I promise to teach you to sing with the birds, gaze at the stars, see shapes in fluffy clouds, follow the rainbow, walk to the furthest bluest mountain, and find a fairy under a mushroom. But most importantly, I promise to give you a childhood you deserve—one that is green with trees, blue with the sky, brown with mud, and pink with flowers.



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This is how we’re defining success this school year

Hint: It's not related to grades.

In the ever-moving lives of parents and children, opportunities to slow down and reflect on priorities can be hard to come by. But a new school year scheduled to begin in the midst of a global pandemic offers the chance to reflect on how we should all think about measures of success. For both parents and kids, that may mean putting a fresh emphasis on optimism, creativity and curiosity.

Throughout recent decades, "school success" became entangled with "academic achievement," with cases of anxiety among school children dramatically increasing in the past few generations. Then, almost overnight, the American school system was turned on its head in the spring of 2020. As we look ahead to a new school year that will look like no year past, more is being asked of teachers, students and parents, such as acclimating to distance learning, collaborating with peers from afar and aiming to maintain consistency with schooling amidst general instability due to COVID.

Despite the inherent challenges, there is also an overdue opportunity to redefine success during the school year by finding fresh ways to keep students and their parents involved in the learning process.

"I always encourage my son to try at least one difficult thing every school year," says Arushi Garg, parenting blogger and mom of a 4-year-old. "This challenges him but also allows me to remind him to be optimistic! Lots of things in life are hard, and it's important we learn to be positive during difficult times. Fostering a sense of optimism allows kids to push beyond what they thought possible, like biking without training wheels or reading above their grade level."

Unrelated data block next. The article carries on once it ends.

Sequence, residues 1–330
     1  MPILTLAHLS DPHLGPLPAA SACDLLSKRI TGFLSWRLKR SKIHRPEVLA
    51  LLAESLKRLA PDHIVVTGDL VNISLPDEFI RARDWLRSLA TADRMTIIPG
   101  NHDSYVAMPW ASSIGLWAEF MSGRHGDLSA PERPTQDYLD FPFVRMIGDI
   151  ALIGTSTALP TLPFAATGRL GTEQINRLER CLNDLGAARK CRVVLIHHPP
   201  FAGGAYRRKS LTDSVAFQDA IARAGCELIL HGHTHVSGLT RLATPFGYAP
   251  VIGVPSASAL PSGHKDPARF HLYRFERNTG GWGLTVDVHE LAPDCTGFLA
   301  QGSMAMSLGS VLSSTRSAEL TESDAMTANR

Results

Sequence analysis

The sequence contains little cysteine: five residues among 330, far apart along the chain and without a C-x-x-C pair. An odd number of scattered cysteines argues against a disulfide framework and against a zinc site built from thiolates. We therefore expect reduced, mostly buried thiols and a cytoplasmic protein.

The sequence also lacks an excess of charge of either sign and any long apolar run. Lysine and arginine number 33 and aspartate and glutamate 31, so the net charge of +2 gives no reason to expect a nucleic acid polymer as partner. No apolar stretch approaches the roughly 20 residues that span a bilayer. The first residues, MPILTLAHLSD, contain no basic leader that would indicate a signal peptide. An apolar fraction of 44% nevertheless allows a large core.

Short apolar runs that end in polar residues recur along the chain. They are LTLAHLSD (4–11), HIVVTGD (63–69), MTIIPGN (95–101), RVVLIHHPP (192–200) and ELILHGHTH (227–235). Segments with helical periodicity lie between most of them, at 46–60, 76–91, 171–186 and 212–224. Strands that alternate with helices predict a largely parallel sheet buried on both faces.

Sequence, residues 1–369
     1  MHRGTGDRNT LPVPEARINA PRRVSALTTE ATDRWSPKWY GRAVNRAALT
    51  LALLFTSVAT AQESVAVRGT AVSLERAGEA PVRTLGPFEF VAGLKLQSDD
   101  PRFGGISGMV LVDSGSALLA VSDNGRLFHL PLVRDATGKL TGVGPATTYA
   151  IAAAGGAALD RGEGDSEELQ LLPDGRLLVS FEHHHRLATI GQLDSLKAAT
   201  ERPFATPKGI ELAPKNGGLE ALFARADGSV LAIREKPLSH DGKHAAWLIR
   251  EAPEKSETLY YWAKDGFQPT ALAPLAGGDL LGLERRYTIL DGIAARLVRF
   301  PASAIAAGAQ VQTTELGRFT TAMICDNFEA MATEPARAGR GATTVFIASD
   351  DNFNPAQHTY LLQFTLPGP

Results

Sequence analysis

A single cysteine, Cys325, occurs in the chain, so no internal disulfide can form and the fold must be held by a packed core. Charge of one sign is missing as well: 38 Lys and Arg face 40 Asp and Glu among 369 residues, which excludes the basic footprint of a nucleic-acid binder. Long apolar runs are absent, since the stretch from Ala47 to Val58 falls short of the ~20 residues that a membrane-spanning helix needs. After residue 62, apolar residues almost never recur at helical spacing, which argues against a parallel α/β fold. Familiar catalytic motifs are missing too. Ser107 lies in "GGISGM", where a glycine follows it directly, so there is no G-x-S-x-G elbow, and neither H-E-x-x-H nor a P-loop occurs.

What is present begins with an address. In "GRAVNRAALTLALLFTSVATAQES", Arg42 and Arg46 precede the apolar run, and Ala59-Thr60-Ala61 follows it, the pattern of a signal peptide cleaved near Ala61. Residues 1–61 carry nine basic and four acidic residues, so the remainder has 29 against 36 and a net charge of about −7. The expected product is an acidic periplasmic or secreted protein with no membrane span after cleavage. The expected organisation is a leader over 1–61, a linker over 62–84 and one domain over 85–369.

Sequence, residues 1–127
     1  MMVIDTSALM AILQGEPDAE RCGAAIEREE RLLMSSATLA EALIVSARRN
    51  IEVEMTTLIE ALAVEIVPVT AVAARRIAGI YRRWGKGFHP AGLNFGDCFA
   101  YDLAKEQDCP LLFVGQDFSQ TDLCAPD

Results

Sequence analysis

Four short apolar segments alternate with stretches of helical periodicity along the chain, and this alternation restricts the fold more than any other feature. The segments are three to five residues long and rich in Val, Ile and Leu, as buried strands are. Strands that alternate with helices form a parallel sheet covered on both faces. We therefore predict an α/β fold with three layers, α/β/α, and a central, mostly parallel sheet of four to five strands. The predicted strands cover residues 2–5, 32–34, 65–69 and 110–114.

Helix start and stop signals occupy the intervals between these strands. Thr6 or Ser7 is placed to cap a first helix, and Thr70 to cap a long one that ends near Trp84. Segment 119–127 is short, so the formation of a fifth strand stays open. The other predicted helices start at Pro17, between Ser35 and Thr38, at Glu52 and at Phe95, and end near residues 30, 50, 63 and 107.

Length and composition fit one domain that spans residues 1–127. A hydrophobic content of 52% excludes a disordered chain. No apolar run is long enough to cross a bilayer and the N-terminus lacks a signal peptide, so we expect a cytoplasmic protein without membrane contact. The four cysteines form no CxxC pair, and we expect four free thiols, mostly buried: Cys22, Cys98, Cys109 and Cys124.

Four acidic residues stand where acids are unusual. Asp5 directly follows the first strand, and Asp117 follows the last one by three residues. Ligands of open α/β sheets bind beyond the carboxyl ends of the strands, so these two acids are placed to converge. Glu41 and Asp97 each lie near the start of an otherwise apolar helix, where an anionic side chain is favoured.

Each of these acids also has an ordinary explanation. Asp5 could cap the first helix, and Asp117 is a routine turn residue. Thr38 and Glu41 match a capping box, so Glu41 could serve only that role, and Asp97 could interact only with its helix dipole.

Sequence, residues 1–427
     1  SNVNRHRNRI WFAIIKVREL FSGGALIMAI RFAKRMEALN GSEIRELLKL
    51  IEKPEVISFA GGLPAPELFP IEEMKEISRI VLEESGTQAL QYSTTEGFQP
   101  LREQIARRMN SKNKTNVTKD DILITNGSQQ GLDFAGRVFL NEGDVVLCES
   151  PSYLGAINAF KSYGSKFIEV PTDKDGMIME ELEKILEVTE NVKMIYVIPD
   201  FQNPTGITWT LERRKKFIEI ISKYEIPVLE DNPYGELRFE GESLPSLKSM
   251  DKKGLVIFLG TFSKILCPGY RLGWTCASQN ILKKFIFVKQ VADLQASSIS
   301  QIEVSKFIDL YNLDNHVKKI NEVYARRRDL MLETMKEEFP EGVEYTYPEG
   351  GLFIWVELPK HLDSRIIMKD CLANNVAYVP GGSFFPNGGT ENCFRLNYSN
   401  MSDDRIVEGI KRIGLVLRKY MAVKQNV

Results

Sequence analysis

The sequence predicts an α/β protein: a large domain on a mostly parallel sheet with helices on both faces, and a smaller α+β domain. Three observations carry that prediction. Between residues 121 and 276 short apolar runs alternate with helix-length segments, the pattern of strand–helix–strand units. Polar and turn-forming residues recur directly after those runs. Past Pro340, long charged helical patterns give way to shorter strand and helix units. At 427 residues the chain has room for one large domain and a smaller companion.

Here are a few mantras to keep in mind this school year:

Quality learning matters more than quantifying learning

After focusing on standardized measures of academic success for so long, the learning environment this next school year may involve more independent, remote learning. Some parents are considering this an exciting opportunity for their children to assume a bigger role in what they are learning—and parents are also getting on board by supporting their children's education with engaging, positive learning materials like Highlights Magazine.

As a working mom, Garg also appreciates that Highlights Magazine can help engage her son while she's also working. She says, "He sits next to me and solves puzzles in the magazine or practices his writing from the workbook."

Keep an open mind as "school" looks different

Whether children are of preschool age or in the midst of high school, "going to school" is bound to look different this year. Naturally, this may require some adjustment as kids become accustomed to new guidelines. Although many parents may wish to shelter our kids from challenges, others believe optimism can be fostered through adversity when everyone is committed to adapting to new experiences.

"Honestly, I am yet to figure out when I will be comfortable sending [my son] back [to school]," says Garg. In the meantime, she's helping her son remain connected with friends who also read Highlights Magazine by encouraging the kids to talk about what they are learning on video calls.

Follow children's cues about what interests them

For Garg, her biggest hope for this school year is that her son will create "success" for himself by embracing new learning possibilities with positivity.

"Encouraging my son to try new things has given him a chance to prove that he can do anything," she says. "He takes his previous success as an example now and feels he can fail multiple times before he succeeds."

There's no denying that this school year will be far from the norm. But, perhaps, we can create a new, better way of defining our children's success in school because of it.

This article was sponsored by Highlights. Thank you for supporting the brands that support Motherly and mamas.